The other thing that strikes me now about the talk about cinephilia, not again the phenomenon itself, is that it may be starting to become a branding device. And by that I mean film festivals, for instance, are starting to say, “we’re for cinephiles.” I think it’s the Edinburgh festival that says, “we’re for cinephiles, for a new cinephilia.” And Bologna has said, “we’re the cinephile festival, we’re a feast for cinema.” Those are objectively true. I don’t doubt that Edinburgh is trying to create a new cinephilia or that Bologna is a festival for cinephiles, because I’ve bumped into those cinephiles when I go there. But there’s a sense now that this is a logo. If you’re a cinephile, this is what happens. I don’t have a deep moral objection to this. There are certainly more important things in the world to worry about, but I do think that we could spend our time more fruitfully than just sitting around a table saying things like, “Ophuls . . . wonderful! Reckless Moment was fantastic.” “Oh, yeah, Reckless Moment. What about Lola Montes?” “Oh, Lola Montes, that’s a mind-bender.” And we go round and round. Now, I don’t know that literateurs sit around a table and say, “John Keats, now there’s a poet.” “John Keats is fantastic. He’s fantastic, but so is Shelley. Shelley is fantastic.” “Oh, well, Shelley, now you’re talking Shelley. Shelley is terrific. But don’t forget Wordsworth. Oh, and what about that wacko Coleridge?” I don’t think many serious people who study literature do that a lot. They do it some, I’m sure. But for that to become the centre of their discourse, and I’m of course being very unfair here, but there is this tendency of the “gee whiz” response, and the “I will point and you shall mutely observe what I find transcendent about this” that is there in a lot of cinephilia talk. It’s like all confessional talk. It can be interesting if you’re on the same wavelength as the person confessing, and I guess I am kind of on their wavelength being a nerd like them, but there’s a sense in which I feel so much word verbiage, so much energy that could be so productively spent in actually creating knowledge, in actually producing some knowledge. Get me some information, get me some opinion, get me an argument, give me something to hang onto. This is my rationalistic side.

OFFSCREEN: For you there is no little thing like . . .

DB: Well, everybody has these epiphanic moments. I get a buzz, like everybody else does. I mean, I like to see the reel change marks, of course. But I’m not going to write a rhapsodic article about reel change marks. Changeovers are changeovers. Some people can interpret this rise of cinephilia talk in the context of the rise of digital. Someone surely is out there who will say, “clearly the object is being lost and now that we’re losing the object, there’s a fetishization of what remains of it in all these moments and little buzzes that we get.” And I think there’s something to that probably. But it goes back earlier. My awareness of the debate about cinephilia, the actual debate about cinephilia as opposed to the phenomenon itself, my memory is that it starts in the ‘80s with Cahiers du Cinema. Cahiers du Cinema starts to publish articles about cinephilia, as a self-conscious thing, in the ‘80s. But that was clearly in response to [the] rise of home video. And there’s that famous quote from Truffaut, he says, “insofar as I’m a cinephile, I love video.” But that’s a dividing line, because a lot of us felt that if you’ve seen a movie on VHS, you haven’t really seen the movie. That movie doesn’t exist until you’ve seen it on screen and film. But we’ve always made compromises. Cinephilia has been attached to a lot of different objects. I mean, not just nitrate or 35 millimetre, but obviously 16 millimetre, 9.5 millimetre. Collectors who collected those are now offering them back to us because sometimes that’s the only way they’ll still survive. 8 millimetre, super 8 millimetre, scraps of 70, which I have in my refrigerator. There’s lots of different objects there. And I don’t know that maybe it’ll be very hard to love your hard drive the way you can love these scraps of film. Again, I don’t doubt that people feel it, I’m sure I feel twinges of it too. I just don’t understand where we get by talking so much about it.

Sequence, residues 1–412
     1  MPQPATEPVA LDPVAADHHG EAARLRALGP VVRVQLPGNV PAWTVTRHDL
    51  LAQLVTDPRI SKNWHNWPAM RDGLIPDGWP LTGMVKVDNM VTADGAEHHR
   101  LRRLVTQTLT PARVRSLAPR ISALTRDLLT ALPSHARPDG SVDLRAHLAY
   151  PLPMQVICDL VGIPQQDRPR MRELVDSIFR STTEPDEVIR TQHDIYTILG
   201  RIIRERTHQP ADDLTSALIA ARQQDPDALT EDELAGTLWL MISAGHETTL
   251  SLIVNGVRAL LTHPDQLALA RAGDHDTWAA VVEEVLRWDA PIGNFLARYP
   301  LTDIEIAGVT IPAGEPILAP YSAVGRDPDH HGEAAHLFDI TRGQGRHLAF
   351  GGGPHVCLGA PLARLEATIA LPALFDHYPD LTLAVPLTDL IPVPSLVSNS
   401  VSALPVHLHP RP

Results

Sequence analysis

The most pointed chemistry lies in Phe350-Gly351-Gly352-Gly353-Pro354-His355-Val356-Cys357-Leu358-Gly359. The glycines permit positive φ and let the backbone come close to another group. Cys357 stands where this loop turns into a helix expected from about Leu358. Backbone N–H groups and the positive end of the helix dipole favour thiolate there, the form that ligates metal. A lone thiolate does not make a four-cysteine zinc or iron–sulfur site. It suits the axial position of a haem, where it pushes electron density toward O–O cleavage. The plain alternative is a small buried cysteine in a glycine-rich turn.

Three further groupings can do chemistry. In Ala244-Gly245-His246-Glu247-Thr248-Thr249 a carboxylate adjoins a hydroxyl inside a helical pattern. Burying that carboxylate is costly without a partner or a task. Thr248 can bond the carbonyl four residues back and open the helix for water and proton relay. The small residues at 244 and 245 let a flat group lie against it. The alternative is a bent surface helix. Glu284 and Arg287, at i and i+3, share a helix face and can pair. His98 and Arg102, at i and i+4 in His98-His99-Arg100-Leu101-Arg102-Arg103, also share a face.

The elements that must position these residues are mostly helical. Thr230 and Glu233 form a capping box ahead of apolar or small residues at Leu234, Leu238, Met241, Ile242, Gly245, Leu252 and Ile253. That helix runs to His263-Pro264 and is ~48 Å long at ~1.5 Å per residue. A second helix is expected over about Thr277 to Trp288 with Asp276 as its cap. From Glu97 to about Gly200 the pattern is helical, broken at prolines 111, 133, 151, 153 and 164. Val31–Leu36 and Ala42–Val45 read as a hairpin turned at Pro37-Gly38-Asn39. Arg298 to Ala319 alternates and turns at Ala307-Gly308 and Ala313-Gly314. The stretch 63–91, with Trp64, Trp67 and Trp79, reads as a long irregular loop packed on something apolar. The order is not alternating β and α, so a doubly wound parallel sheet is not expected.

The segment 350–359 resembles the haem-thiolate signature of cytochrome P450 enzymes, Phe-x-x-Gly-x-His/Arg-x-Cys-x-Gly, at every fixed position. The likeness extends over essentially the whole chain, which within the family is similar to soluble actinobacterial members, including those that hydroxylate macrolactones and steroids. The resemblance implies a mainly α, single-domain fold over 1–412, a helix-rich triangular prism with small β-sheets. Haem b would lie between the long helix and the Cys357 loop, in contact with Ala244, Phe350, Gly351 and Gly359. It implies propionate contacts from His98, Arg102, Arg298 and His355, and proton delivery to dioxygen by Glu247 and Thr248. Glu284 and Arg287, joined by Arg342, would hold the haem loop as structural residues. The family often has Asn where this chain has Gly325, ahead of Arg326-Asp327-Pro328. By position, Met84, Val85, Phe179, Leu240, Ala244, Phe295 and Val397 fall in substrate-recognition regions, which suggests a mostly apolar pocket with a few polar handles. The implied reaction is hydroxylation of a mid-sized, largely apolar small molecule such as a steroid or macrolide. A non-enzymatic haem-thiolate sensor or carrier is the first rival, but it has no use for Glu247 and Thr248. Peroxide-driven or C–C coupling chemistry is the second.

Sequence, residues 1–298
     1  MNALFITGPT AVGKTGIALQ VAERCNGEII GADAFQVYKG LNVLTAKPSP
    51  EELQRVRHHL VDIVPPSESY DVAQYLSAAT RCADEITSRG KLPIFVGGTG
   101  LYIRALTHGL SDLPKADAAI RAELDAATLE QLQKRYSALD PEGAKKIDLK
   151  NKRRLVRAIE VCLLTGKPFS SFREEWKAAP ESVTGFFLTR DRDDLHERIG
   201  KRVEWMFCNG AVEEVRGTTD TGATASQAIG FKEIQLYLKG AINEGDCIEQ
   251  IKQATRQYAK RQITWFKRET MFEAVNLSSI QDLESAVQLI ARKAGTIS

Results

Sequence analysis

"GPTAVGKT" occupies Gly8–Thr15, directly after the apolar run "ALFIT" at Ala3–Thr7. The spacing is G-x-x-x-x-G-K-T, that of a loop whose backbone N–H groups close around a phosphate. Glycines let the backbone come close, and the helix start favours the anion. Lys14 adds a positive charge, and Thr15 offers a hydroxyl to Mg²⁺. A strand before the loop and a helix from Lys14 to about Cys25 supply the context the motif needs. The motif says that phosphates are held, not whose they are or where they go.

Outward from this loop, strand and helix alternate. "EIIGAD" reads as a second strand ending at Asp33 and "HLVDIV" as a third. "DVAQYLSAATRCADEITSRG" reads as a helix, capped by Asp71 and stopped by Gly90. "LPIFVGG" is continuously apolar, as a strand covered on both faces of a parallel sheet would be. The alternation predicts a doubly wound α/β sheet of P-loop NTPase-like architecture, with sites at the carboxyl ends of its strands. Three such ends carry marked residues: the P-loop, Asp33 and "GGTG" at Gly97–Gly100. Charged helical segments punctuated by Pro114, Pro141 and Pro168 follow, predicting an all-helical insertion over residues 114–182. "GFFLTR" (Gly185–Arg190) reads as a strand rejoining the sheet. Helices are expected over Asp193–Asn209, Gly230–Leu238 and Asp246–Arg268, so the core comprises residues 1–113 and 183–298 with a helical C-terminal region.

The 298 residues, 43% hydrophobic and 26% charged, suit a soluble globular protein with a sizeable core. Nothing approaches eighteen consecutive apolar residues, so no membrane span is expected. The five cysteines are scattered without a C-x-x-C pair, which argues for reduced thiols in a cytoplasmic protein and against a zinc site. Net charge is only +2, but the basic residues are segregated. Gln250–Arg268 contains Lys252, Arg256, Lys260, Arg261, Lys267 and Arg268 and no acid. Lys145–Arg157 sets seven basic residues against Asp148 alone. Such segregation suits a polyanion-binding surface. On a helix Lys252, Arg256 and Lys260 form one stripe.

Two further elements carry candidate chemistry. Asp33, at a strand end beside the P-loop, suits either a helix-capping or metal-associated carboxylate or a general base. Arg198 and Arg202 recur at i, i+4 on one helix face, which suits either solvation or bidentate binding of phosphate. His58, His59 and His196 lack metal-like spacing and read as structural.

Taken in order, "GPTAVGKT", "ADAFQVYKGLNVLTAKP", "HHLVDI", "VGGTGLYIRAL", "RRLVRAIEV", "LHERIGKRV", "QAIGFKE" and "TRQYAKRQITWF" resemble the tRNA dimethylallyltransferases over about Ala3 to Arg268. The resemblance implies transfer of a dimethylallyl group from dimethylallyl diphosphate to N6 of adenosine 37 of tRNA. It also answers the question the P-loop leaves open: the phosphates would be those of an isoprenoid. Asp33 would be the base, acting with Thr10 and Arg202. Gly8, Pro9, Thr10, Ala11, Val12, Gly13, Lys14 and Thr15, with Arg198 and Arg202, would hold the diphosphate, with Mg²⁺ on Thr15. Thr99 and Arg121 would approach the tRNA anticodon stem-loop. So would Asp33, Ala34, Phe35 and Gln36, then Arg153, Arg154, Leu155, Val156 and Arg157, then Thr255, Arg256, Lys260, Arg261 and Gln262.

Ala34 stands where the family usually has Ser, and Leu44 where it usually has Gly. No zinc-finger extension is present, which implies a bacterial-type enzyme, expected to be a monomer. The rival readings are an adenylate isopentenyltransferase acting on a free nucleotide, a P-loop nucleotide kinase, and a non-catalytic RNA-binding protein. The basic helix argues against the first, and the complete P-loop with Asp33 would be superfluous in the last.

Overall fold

Donato Totaro, David Bordwell, & King-Wei Chu (photo by Pierre Roussel)

David Bordwell Interview

David Hanley has a BFA and MA in Film Studies from Concordia University and is currently pursuing a PhD in Indigenous and Canadian Studies at Carleton University, where he has also taught in the Department of Film Studies. As well as being a frequent contributor to Offscreen, he has had pieces published by the University of Toronto Quarterly, Canadian Journal of Irish Studies, Synoptique, The Projector, Isis, and Nuacht. He also contributed several entries to the Historical Dictionary of South American Cinema by Dr. Peter H. Rist (Rowman & Littlefield, 2014), and chapters to the books Reclaiming 1940s Horror Cinema: Traces of a Lost Decade (Lexington Books, 2015) and The Spaces and Places of Canadian Popular Culture (Canadian Scholars’ Press, 2019). He has been a programmer for Cine Gael of Montreal’s annual series of contemporary Irish films since 2011.

Volume 17, Issue 5 / May 2013 Interviews   david bordwell